So as to minimized the space occupied within the fuselage, the distance between the telescopic screws 95 and 96 is relatively small, and may even be, as in the example shown, inferior to the thickness of the elements of the wing that it is adapted to embrace.
Referring now to Figs. 7 and '8, it can be seen that this distance is smaller than the thickness of the wing element 6| determined by the distance between the outer linings of the latter. These linings are, on the necessary length of the wing, constituted by plates I63 and I64 pivoted on hinges I65 and I66 formed on the rear edge of the element 6| in combination with supports I61 and I68 rigid with the tube 66.
Any suitable means, for instance hydraulic means, are provided to control the closing or opening motions of the plates I63'and I64. In the example shown, the plates I63 and I64 are provided with reinforcing members I69 and H6 on which are hinged hydraulic jacks, respectively I I I and H2, the other extremities of which are mounted on a collar II3 rigid with the tube 66. Preferably each jack, when extended, has a length larger than the half-thickness of the wing at this place, which allows for a travel suited to ensure a sufiicient closing up of the elements I63 and I64. Before the folding up of the wing, the jacks III and H2 are protracted, which allows for the passage of the plates I63 and I64 between the telescopic screws 95 and 96.
The tubular member 66 is supported'longitudinally by ribs such as 64 (Figs. 6 and 7) rigid with the support 63. To that effect, the ribs are provided with an elongated opening I II4, the opposed edges II5 and H6 of which are parallel and form sliding guides for a slide I I1 constituting a bearing for the tube 66. The width of the guides II5 and II6 is larger than the thickness of the slide II'I (Fig. 7), so as to afford the latter the freedom of movement required for the rotation of tube 66 about the axis 61 during folding.
In a similar way, the tube I4 (Fig. 8), which constitutes the frame of the rear element 62, is supported longitudinally by guide-ribs II8, rigid with the tube-55. These-gui'de-ribs' are provided withan opening I I9,'the' parallel edges I and IZI of which-form the sliding guides for a slide Y "I22 in which is formed a bearinglfor' the tube I4.
"bodiment the elements GI and -62 are used as flaps, for instance as landing flaps and in this respect the invention concerns a control device for the operation of these flaps.
To that effect, theconnections between the :compasses TI and I8 and the tubes 56 and I4 are set through bearings (Figs, 14 and 15). The branch filof the compass II, which is of I-section, is mounted at one of its ends on the pivot I29 of the compass, its other extremity being crossed by a shaft I30. On the shaft I30 is keyed a pinion- IEI which may be driven by means of a chain I32, itself driven for instance by an electric motor 33 carried-by the tube 66. The shaft IE9 is threaded on a part of its length I34, so as to cooperate with the corresponding tap of a nut I35. This nut carries a head with faces I35 workingin a corresponding notch I3I of a collar I33 rigid with the tube 66.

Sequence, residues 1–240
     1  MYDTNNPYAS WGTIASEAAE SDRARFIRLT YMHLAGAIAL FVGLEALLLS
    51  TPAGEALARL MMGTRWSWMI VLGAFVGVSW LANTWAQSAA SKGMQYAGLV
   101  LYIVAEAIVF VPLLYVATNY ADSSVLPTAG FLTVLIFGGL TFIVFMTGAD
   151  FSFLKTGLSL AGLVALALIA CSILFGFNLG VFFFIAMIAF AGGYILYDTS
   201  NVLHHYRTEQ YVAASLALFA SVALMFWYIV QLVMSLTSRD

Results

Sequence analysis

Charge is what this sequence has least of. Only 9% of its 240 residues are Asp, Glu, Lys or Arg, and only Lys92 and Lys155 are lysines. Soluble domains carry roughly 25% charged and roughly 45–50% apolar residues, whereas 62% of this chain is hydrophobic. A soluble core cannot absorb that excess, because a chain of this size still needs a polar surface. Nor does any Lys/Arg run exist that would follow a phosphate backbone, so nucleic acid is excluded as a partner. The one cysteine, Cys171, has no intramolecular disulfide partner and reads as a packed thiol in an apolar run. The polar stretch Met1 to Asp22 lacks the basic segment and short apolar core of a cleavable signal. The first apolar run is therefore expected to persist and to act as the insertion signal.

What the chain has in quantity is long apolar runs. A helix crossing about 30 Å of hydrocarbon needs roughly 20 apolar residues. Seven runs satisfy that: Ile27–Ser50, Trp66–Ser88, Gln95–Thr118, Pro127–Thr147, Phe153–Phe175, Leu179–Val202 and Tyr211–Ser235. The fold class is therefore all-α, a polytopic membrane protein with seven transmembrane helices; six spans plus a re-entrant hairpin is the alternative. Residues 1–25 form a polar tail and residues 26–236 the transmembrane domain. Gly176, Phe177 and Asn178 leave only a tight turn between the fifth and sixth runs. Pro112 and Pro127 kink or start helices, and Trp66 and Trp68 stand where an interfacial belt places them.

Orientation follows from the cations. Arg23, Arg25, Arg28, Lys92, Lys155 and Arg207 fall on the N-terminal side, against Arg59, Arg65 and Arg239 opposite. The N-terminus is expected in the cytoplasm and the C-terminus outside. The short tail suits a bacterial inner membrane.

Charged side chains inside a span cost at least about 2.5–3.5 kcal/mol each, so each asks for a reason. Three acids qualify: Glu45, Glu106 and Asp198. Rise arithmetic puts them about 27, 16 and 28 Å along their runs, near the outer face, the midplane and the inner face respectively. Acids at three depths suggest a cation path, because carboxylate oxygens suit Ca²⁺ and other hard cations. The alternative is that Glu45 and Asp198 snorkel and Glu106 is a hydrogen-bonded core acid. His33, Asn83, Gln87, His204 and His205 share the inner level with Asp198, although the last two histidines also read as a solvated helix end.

When the shaft I39 (which cannot move axially) rotates under the action of the pinion I3I, the nut I35 moves along said shaft, for instance rises along it, and starts the rotation of the tube 56 in its bearing-supports rigid with the spar E3. The member 6|, rigid with the tube 66, is therefore angularly displaced with respect to the member 553 of the wing 54 as soon as the motor 35 is started.
The angular displacement of the member 52 with respect to the member 6| is controlled in a similar way. A collar I27, rigid with the tube 55, is crossed by a shaft I40 on which is keyed a pinion IAI driven by the motor 33. Said pinion Il transmits its movement through a chain I42, a pinion I 55 secured on the axis I44 of the compass 18, a second pinion I45 secured on said axis and a chain I46, to a pinion I41 secured on a shaft I43. This shaft I48 is carried between two arms I49 and I50 of the branch I5I of the compass I8. By means of a thread I52 of the shaft I48, the latter drives longitudinally a tapped nut I53 provided with a faced head I5 8 engaged in a corresponding notch I55 of a collar I56 rigid with tube 14. The fork or yoke I5! used for the attachment of the arm I5I of the compass is on the contrary rotatively mounted on the tube I4.
When the shaft I48 rotates, the nut I53 sets in rotation the tube 14 with respect to its bearing-supports rigid with the wing member 6|, which ensures the correct angular displacement of the rear member 62 with respect to the member GI.
Thus, the start of the motor 33, by effecting the rotation of the shafts I36 and I48 through the transmission system shown, causes the angular displacement of the member 6| with respect to the member 60 and simultaneously the angular displacement of the member 62 with respect to the member BI, allowing thereby a landing of the airplane at a sufficiently reduced speed. The ratios between the elements of the transmission are such that the angles of these displacements are at suitable rates.
T0 the extreme left, Cthet member is formed bya warpin'g aileron II I58 (Fig. :16) rotatively I-mounted on the -tube' I4.